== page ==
The Addis Ababa destined AU summit will witness 54 African leaders, with Eritrea being the only hold out, meeting for two days of talks that are set to begin Saturday under the theme “Acceleration of AfCFTA implementation.”
Since its launching three years ago, leaders on the continent have failed to fully capitalize on the mandate of the continental pact.
The AfCFTA's mandate is to boost intra-Africa trade by 60 percent by 2034 by eliminating all tariffs, creating an economic bloc of 1.3 billion people with a combined domestic product of $3.4 trillion.
Experts applaud leaders on the continent for the pact that could lift 50 million Africans out of extreme poverty, however, note that implementation has fallen short of the goal due to several hurdles, among them disagreements over tariff reductions and border closures triggered by the COVID-19 pandemic.
In an interview with news outlet Agence France-Presse, Paul-Simon Handy, the regional director of the Institute for Security Studies in Addis Ababa, said it will take some time before the trade agreement comes to fruition.
“There is a declared political will, but it will take a long time to put in place,” said Handy.
Dorine Nininahazwe, the African Union director of U.S.-headquartered non-profit One Campaign, echoed Handy’s sentiments.
“There are fears from certain African countries that with opening borders, they will have an influx of people they cannot control,” she said.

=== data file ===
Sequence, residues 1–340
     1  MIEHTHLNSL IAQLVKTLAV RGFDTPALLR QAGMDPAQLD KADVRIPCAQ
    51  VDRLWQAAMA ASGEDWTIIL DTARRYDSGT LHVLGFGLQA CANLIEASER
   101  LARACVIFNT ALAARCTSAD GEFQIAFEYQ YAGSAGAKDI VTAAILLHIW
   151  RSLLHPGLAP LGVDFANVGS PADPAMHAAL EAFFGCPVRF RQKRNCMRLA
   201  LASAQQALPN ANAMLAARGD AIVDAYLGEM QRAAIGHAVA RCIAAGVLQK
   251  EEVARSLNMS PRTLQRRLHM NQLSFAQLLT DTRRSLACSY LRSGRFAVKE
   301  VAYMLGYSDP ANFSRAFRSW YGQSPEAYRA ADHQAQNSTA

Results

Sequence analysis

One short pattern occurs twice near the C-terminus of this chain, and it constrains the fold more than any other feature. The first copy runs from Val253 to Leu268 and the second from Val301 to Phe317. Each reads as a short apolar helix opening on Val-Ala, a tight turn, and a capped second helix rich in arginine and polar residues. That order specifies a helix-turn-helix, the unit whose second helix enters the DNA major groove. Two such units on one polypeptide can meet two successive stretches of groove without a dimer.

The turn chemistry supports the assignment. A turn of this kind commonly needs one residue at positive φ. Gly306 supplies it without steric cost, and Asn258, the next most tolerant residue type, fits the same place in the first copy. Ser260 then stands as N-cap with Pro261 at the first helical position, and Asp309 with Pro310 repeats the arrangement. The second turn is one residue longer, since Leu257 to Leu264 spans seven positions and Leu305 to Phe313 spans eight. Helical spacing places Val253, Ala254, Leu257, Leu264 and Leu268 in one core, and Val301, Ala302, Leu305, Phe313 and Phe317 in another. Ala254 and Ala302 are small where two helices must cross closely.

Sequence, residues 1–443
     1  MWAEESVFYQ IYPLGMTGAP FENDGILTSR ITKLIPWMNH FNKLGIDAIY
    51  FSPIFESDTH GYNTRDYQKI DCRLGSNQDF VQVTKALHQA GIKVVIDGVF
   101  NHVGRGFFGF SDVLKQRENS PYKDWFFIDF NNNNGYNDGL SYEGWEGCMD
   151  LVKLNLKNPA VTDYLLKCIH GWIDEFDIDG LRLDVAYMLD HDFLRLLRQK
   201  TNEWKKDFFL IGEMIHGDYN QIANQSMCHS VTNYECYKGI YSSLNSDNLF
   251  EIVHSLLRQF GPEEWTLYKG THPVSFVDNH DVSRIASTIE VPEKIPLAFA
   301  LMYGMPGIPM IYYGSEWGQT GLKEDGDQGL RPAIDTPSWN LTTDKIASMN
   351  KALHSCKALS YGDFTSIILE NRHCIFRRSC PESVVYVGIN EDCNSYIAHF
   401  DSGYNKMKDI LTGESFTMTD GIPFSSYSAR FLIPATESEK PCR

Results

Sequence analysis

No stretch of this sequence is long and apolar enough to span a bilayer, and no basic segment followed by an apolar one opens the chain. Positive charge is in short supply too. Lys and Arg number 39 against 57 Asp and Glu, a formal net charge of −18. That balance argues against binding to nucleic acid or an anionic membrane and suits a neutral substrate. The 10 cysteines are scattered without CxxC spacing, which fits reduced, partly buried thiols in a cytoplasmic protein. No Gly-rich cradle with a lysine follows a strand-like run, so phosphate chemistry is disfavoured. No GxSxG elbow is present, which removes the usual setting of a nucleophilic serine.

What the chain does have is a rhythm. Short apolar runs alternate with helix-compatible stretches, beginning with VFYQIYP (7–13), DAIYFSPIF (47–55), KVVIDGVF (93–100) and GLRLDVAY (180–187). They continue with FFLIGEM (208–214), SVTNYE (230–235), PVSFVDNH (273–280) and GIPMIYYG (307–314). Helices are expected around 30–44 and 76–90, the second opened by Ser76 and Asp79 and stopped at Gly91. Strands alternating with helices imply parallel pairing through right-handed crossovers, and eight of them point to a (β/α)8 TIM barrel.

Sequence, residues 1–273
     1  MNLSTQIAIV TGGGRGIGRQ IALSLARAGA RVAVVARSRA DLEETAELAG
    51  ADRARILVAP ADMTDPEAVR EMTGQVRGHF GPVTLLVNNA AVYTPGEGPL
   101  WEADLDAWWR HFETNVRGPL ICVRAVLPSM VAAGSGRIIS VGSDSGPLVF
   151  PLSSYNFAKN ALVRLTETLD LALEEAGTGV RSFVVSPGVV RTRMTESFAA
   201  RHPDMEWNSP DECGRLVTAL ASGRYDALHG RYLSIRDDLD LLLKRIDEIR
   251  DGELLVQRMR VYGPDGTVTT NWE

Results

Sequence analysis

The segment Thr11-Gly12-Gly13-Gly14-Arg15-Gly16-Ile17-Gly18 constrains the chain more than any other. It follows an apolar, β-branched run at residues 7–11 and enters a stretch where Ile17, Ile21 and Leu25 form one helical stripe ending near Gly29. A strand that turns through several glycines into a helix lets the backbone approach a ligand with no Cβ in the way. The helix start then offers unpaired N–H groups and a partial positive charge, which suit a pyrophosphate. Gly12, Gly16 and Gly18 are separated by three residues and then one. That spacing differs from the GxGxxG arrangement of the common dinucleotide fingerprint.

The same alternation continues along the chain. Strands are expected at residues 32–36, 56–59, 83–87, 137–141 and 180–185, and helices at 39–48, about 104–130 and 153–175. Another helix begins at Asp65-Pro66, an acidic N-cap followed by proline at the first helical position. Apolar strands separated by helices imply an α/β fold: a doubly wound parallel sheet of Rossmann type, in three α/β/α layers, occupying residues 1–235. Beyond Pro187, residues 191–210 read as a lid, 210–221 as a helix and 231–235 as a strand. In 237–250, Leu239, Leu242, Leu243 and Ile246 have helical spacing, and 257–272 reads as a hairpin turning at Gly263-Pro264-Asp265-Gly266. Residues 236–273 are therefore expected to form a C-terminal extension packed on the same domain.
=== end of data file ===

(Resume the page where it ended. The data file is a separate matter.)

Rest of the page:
Elizabeth Ajok, a South Sudanese entrepreneur said she has witnessed several women facing problems at border crossings while attempting to conduct business under the AfCFTA.
“They are facing a lot of challenges like violence at the border, they are being intimidated, and sometimes some of their items are being confiscated or their goods are taken because of clearence,” said Ajok.
“They will also overcharge you because you are a woman. You will be taxed. Sometimes they just look at us. They see that you are just a woman, so you don’t deserve to do business,” she added.
Ajok’s sentiments were echoed by Zaithwa Milzanzi, a Malawian female entrepreneur.
“You find yourself with required fees, the papers are in order, everything is in order and yet you find some officers at the border asking you for sexual things and you are think, ‘Why?’” said Milzanzi.
“It really hinders your progress and your ability to trade as a young woman. So, this needs to be addressed if young women are to be considered and fully protected under this regime,” she added.
VOA’s Mohammed Yusuf contributed to this report. Some information was sourced from Agence France-Presse.